Merger Mania Continues in Europe

Fresh speculation about potential European telecom mergers and acquisitions emerged over the weekend, following quickly on from last week's gossip and rumors. (See Eurobites: Gossip Galore.)

This time, the main names in the frame are Cable and Wireless plc (NYSE: CWP), U.K. alternative carrier THUS plc (London: THUS), ntl group ltd. (Nasdaq: NTLI), and Irish national operator eir , while the takeover saga surrounding Danish incumbent TDC A/S (Copenhagen: TDC) isn't over yet.

Brit bid buzz
Cable & Wireless could be the target of a private equity-backed takeover bid before it reports its interim results on January 24, according to a report in British newspaper The Guardian, which cited Morgan Stanley research that identified the carrier as one of the most likely London Stock Exchange stocks to attract such a bid. As you'd expect there's no comment from the carrier, which saw its share price dip 0.5 of a penny to 128 pence this morning, giving it a market capitalization of nearly £3 billion (US$5.3 billion).

The carrier's stock moved up from 120 pence in trading last week after City of London gossip that Orange (NYSE: FTE) was considering a bid, though the French giant denies any such plan.

Thus, which is itself looking for acquisitions since it lost out to C&W in the battle to buy Energis, is also regarded as a potential target, with talk circulating in financial circles that Sky wants to add Thus to its telecom portfolio following its move for Easynet Ltd. (See Murdoch's Sky Takes on BT, THUS, C&W Clash Over Energis, and THUS: Still Shopping.)

The Easynet acquisition was recently approved by the U.K.'s Competition Commission, and Sky now owns 89.3 percent of Easynet stock. Analysts have been speculating about further telecom acquisitions since the Easynet offer was made, with many debating whether Sky would add to its broadband base with a move for another ISP.

But Thus, which runs a national network and specializes in Ethernet services, isn't in the consumer broadband market. However, it does offer DSL services to businesses through its Demon unit, and would give Sky a national backbone to which its high-speed access tails could hook up. (See THUS Speeds NorMAN Access and Demon Boosts Broadband Speeds.)

Thus is trading down 0.5 pence this morning at 15 pence, valuing it at £202 million ($357 million).

Meanwhile, Virgin Mobile Telecoms Ltd. investors are reportedly holding out for a 400 pence per share offer from cable operator suitor NTL, which had its first bid of 323 pence kicked back in its face. Virgin Mobile's share price is up 2.75 pence to 377.25 pence this morning.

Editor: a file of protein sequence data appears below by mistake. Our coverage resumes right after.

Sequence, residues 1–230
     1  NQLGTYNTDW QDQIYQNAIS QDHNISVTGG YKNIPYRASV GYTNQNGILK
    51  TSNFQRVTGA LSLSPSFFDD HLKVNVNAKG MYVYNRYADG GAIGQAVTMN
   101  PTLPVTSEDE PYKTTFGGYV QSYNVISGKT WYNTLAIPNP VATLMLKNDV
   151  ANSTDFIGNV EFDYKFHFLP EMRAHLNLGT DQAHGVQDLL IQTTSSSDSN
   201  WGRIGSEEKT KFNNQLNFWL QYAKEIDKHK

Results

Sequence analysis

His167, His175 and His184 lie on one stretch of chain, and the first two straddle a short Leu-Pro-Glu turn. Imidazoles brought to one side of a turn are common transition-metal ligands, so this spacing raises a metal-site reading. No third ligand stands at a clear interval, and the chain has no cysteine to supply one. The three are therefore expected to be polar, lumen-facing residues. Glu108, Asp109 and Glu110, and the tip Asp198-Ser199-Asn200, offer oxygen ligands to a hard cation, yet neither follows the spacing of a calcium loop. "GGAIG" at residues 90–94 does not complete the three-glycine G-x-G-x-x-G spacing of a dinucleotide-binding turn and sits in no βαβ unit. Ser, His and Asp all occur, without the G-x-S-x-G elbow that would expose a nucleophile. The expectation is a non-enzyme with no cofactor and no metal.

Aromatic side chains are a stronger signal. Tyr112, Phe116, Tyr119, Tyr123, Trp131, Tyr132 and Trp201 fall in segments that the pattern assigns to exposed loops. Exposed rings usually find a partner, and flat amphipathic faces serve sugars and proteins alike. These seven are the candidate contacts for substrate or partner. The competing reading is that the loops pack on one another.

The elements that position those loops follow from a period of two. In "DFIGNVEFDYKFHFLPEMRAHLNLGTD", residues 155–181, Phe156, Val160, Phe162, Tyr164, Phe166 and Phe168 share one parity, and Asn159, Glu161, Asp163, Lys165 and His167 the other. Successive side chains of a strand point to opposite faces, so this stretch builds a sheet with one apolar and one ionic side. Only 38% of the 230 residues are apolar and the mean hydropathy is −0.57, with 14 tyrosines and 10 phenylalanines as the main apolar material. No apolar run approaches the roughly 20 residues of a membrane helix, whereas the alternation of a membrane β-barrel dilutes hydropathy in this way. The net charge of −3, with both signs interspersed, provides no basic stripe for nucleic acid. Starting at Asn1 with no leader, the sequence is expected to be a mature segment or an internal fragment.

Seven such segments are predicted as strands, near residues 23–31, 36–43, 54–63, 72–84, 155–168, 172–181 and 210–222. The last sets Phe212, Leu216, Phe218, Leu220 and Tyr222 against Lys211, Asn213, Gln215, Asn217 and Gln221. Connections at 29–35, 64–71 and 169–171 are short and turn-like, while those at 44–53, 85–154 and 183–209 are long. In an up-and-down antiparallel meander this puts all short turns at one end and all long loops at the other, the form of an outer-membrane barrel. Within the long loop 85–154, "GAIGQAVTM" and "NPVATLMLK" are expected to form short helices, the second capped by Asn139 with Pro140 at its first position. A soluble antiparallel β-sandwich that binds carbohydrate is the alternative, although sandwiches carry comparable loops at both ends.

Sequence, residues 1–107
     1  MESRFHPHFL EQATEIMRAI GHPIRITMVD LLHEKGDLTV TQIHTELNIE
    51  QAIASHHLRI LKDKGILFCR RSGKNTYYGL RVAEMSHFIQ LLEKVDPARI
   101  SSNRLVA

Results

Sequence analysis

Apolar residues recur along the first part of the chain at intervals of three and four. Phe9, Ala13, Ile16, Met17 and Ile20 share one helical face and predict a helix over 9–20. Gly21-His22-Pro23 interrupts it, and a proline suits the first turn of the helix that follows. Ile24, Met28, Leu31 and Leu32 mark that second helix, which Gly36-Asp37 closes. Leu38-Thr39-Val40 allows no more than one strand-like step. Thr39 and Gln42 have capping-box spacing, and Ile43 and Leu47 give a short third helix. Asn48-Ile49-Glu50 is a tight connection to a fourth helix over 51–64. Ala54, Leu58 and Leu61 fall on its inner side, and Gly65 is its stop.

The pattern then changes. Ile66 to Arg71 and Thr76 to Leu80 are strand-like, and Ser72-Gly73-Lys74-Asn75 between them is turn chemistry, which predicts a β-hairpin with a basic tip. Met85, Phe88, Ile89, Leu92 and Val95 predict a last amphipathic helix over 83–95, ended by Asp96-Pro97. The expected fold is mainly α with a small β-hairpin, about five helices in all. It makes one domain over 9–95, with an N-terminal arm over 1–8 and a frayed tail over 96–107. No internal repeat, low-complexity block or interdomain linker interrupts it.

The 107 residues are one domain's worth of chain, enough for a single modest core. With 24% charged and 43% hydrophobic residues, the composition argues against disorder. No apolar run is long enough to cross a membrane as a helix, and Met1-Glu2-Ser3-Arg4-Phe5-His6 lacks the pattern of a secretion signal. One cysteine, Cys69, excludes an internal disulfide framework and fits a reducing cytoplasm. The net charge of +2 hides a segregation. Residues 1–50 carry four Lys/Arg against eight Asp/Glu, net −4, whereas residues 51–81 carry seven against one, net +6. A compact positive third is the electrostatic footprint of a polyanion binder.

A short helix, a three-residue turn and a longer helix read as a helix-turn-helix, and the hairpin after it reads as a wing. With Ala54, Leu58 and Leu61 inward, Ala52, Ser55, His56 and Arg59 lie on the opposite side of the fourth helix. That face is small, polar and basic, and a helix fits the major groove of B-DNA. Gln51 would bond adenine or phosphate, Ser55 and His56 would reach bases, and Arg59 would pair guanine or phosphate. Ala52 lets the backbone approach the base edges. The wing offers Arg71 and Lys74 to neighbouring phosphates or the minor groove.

Once an agreement on that deal is reached and NTL has completed its merger with fellow cable firm Telewest Global Inc. (Nasdaq: TWSTY), private equity firm Permira is reportedly planning a bid for the whole shebang, according to the Sunday Times. (See NTL Eyes Mobile Buy and NTL & Telewest: Together at Last!)

It's not the first time a leveraged buyout of an expanded NTL has been rumored: Just last month a group of private equity players, including Apax Partners and Providence Equity Partners , was reportedly lining up a bid of up to $14 billion. (See Eurobites: A Private Affair.)

Eircom attracts private interest
Ireland's national carrier Eircom, which had been involved in takeover talks with Swisscom AG (NYSE: SCM) last year until the Swiss government intervened, is now believed to be attracting interest from private equity groups. (See Swisscom Ends Eircom Talks.)

Eircom, which has been busy building its broadband and mobile customer bases, only returned to the stock market less than two years ago. It is believed to be an attractive target because of the relatively high margins it can generate from voice and data services in the face of limited competition. (See Alltel Completes Meteor Sale, Eircom Reports 2004 Prelims, NetCentrex Helps Eircom With VOIP, and Mixed Fortunes for Euro IPOs.)

Eircom's share price currently stands unchanged at €2.05, giving the operator a capitalization of nearly €2.2 billion ($2.66 billion).

TDC investors hold firm
Danish incumbent TDC A/S (Copenhagen: TDC) was forced to reiterate its support for the $12 billion offer from private-equity-backed bidder Nordic Telephone Company ApS (NTC) today when Danish pension fund ATP, which owns 5.6 percent of TDC stock, said it wouldn't accept NTC's offer. (See NTC Updates on TDC Offer, TDC Still Backs NTC Bid, and TDC Unveils $12B Offer.)

ATP, the Danish Labour Market Supplementary Pension Fund, reckons its stake is worth more if TD remains a listed company. So is NTC's offer of 382 Danish Kroner ($61.89) per share enough? Yes, reckons the analyst team at Lehman Brothers , which believes DKK340 ($55.07) would have been a fair price.

NTC needs the backing of 90 percent of TDC shareholders by January 12 for its bid to be successful, so if just another 4.4 percent of TDC shareholders agree with ATP then the takeover deal will be off.

— Ray Le Maistre, International News Editor, Light Reading

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